It’s rare that a top tier developer keeps a game under wraps right up until they release it. Quiet launches are usually reserved for the realm of indie games, where every penny of a shoestring budget is needed for development. Other than moments like Respawn blindsiding everyone with Apex Legends’ launch in 2018, skipping traditional marketing and using influencers to create an 11th-hour buzz, AAA games usually have a PR campaign that ramps up across many months or years.
With so much time and money going into the typical marketing campaign, it’s easy to understand how a gamer can get wrapped up in the hype surrounding a highly anticipated game. There’s a point, though, where the hype goes too far, turning healthy anticipation that will ensure a presale or first-day purchase into expectations that can never be met. But is the blame all on the developers and publishers, or do gamers need to acknowledge their culpability in the process?
The easy answer is, yes, we should blame the developers. You really need to look no further than E.T. The Extra-Terrestrial as proof. Created for the Atari 2600 all the way back in 1982, E.T. had all the right ingredients for a successful game. The movie E.T. was a huge box office success, making it an easy sell to consumers. Home video game consoles were a hot item at the time, and designer Howard Scott Warshaw was an accomplished Atari 2600 game designer with hits Yar’s Revenge and Raiders of the Lost Ark under his belt.
At least Cyberpunk 2077 didn’t almost destroy the video game industry
Unlike the happy Hollywood ending of the movie, the trifecta of a hot intellectual property, a seasoned programmer at the helm, and a consumer base chomping at the bit still wasn’t enough to save E.T. the game from corporate greed. With the holiday season approaching, the regular development period of 6-12 months was shortened to just five weeks. Further hampered by the technical limitations of the Atari 2600 and a lack of time for focus testing and revisions, the resulting adventure game was a hot mess. E.T. suffered from consumer backlash of a magnitude that had never been seen before and, even with 1.5 million copies sold, E.T. was considered a financial failure. E.T. The Extra-Terrestrial even has the dubious title of the worst video game of all time.
Many of those same pitfalls can be seen in the more recent release of Cyberpunk 2077. Just like the faith in Howard Scott Warshaw’s abilities, developer CDProjekt Red’s previous success gave executives a false sense of security in the developer’s ability to deliver. Technical limitations of the PS4 and Xbox One, although not the only issue, weighed heavily on consumers' reactions to CP2077’s gameplay, just like they did on E.T. And let’s not forget that although Cyberpunk 2077 was in development for years and not weeks, the financial ramifications of missing the 2020 holiday season must have been a factor in the RPG’s release.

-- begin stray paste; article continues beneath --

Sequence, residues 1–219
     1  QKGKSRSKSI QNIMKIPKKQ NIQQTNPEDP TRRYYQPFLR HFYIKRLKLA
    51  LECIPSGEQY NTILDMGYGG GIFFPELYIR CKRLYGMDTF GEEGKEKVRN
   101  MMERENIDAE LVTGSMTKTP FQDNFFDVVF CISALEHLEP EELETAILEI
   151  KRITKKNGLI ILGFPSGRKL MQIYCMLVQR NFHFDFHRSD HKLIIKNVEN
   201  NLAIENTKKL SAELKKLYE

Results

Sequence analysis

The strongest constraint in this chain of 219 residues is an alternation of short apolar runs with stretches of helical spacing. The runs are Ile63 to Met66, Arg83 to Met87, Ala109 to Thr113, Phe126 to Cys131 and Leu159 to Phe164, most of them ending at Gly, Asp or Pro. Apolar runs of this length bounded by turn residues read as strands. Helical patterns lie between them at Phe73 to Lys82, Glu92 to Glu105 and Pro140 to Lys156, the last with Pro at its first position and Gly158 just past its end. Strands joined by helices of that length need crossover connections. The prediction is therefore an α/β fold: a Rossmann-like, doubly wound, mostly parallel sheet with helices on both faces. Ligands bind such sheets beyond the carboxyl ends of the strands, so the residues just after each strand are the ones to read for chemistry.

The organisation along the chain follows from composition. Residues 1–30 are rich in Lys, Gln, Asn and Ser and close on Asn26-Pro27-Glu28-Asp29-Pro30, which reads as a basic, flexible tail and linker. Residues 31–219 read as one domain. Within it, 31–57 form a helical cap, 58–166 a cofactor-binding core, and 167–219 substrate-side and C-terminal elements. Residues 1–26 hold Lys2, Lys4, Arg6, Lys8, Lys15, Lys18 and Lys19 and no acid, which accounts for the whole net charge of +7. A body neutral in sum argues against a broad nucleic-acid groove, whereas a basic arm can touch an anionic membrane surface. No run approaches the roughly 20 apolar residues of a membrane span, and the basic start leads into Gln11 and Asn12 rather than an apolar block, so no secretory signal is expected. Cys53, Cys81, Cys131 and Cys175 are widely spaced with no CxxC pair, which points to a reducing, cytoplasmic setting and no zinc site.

Right up until the release of CP2077 the developers masked the truth about the performance, or lack thereof, that players should expect on the PlayStation 4 and Xbox One. Just two weeks before the December 10 release, as originally reported by GamesRadar, CD Projekt’s CEO Adam Kaci?ski had this to say about the console release (taken from the Seeking Alpha transcription):
“And PS4, yesterday we released the gameplay both on PS4 and PS5. So, you can see the difference. And on both -- I mean, PS5 is great. PS4 is still very good. I mean, we had those extra three weeks and we achieved a lot by -- within this final stretch. So, we believe that the game is performing great on every platform.”
Whether Adam was merely misinformed or blatantly hiding the truth, statements like that so close to release did nothing but fuel the hype around Cyberpunk 2077’s release. Players planning on playing Cyberpunk 2077 on the PS4 and Xbox One could easily interpret that statement to mean that they would be getting a high-quality version of CP2077. A version that was just as good as the PS5 version, minus the ray tracing and faster load times the newer console offers.